Every pet parent knows one universal truth about living with cats: You will most likely outlive every single one of them. So, what cats live the longest? There’s no straight answer but proper nutrition, exercise, medical attention and more, all play a part in upping the cat lifespan. While most cats will live until the median age of 15 years, there are many steps to take to increase the cat life expectancy.
“Minimize stress whenever you can,” says Dr. Andrew Kaplan, DVM, founder of City Veterinary Care and The Toby Project (a spay/neuter program to reduce animal shelter deaths). He cites the Ohio State School of Veterinary Medicines’ indoor cat initiative as a great resource.
“Cat caretakers need to consider that cats are not designed for confinement in our homes. Making simple changes such as getting another feline companion for your cat can make him much happier. They’re highly social and benefit from living with other cats.”
Another way to help ensure a longer life is to monitor your cat’s health. Dr. Kaplan recommends boosting regular cat examinations from annually to every six months starting at 10 years old.
Dr. Laura Andersen, shelter veterinarian at Nebraska Humane Society, echoes this advice. “I’ve known two cats who lived beyond 23 years old. They both received regular veterinary care — this helps identify any medical issues early so they can be treated or managed.”
A research paper published by the Journal of Feline Medicine and Surgery indicated that fixed, crossbreed cats with lower body weights are associated with longer lives. “We must remember that each cat is an individual, and aging includes a multitude of factors: breed, genetics and environment,” Dr. Andersen says. “However, diet is very important.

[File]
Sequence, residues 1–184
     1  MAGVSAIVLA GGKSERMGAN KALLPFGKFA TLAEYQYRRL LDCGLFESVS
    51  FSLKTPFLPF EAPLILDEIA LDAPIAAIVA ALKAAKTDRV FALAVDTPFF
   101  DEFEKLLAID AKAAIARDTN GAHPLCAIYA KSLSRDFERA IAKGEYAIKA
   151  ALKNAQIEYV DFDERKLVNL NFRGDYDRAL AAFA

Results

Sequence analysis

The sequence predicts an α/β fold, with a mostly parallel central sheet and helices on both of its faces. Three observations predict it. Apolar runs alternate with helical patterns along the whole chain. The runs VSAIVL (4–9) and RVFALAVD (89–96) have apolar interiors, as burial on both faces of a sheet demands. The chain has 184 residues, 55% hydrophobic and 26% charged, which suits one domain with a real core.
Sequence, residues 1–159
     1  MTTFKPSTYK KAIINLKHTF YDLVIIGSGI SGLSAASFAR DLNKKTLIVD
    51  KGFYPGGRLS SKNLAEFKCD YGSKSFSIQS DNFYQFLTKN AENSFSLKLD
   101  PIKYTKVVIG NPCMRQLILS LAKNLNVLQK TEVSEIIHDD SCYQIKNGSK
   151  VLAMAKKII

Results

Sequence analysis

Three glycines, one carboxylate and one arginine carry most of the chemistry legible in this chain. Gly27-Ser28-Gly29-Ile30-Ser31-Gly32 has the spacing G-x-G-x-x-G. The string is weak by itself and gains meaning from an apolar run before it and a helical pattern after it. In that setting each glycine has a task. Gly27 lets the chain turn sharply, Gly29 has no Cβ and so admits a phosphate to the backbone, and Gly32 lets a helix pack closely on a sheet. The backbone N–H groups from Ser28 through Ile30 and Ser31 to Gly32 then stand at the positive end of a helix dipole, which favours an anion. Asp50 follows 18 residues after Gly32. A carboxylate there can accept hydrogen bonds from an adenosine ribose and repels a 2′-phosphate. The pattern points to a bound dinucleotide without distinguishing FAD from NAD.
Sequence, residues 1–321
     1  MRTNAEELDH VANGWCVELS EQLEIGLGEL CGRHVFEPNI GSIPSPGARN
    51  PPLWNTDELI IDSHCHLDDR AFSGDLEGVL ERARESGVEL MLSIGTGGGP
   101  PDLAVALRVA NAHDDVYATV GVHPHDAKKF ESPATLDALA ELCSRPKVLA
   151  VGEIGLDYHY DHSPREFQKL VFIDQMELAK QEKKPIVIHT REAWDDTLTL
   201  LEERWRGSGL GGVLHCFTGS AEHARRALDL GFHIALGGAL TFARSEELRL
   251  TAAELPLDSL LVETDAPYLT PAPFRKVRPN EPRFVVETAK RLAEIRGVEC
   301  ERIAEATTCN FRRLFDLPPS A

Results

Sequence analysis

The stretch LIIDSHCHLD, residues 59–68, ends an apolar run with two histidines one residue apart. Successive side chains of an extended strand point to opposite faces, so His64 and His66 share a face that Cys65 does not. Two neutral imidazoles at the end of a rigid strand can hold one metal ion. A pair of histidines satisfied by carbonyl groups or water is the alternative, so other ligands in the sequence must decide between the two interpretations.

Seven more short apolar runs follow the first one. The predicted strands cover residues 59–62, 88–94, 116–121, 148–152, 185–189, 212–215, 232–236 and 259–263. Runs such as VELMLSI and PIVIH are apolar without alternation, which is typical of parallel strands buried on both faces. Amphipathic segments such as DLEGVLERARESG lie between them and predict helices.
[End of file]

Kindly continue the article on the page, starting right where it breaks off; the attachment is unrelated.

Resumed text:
A study done on the Effect of Nutritional Interventions on Longevity of Senior Cats determined that cats given antioxidants, vitamin E, beta-Carotene, dried chicory root and a blend of n-3 and n-6 fatty acids added significantly to the lifespan of the cats than those cats fed a controlled diet.”
And while diet is important, how much and how often your cat eats is also key. Slimming your cat down while super-sizing vital nutrition will help pack on the years!
Although genetics may play a factor in living longer, “nothing replaces TLC,” according to Megan Snyder of Good Old Tails Senior Animal Rescue. The organization’s oldest cat, Stubby, is a sweet senior domestic short-haired cat with a nubby tail. While he isn’t currently on a special diet, he gets wet food to keep his urinary system running smoothly. It’s the maintenance and attention to detail that keeps the rescued kitties in tiptop shape.
“The most important thing to keep your senior cat healthy is to pay attention to him,” Snyder says. She urges cat parents to look for changes in behavior, stool/urine, coat condition and weight. “You have to know your cat well and catch the changes before it’s too late. Every cat is different, so saying ‘feed them premium food’ isn’t necessarily right for every cat.”
Among the cat breeds touted for longevity, the three that come out on top are the Domestic Shorthair, Siamese and Russian Blue.
Scruffy, a 17-year-old striped gray beauty, lives with his person, Brandon Kirk Newsom, and a feline sibling named Sophie. Newsom adopted the Maine Coon as a kitten. Their life together illustrates what proper cat care means to a happy and healthy life. Scruffy is a cool, calm and confident 13 pounds of fluffy fun. Newsom sees Scruffy’s natural resiliency as a great boon to his longevity, along with Scruffy’s love of Sophie.
“Scruffy’s time is filled with grooming and snuggling with Sophie.” While he may be older, his days are filled with love and the activities he craves. “Scruffy loves to go on walks,” Newsom says. “Being an older cat has not changed him that much from when he was a kitten. He’s still very healthy and vivacious.”
Keeping your cat living longer and being healthier is a multi-faceted strategy that includes diet and supplements, proper medical attention and an enriched environment. The years go by so fast, and you can add many more of them if you take time to address your cat’s physical, emotional and mental well-being.
Tell us: How old was the oldest cat you knew? What steps have you taken to increase your cat’s life expectancy?
Thumbnail: Photography by krblokhin/Thinkstock.
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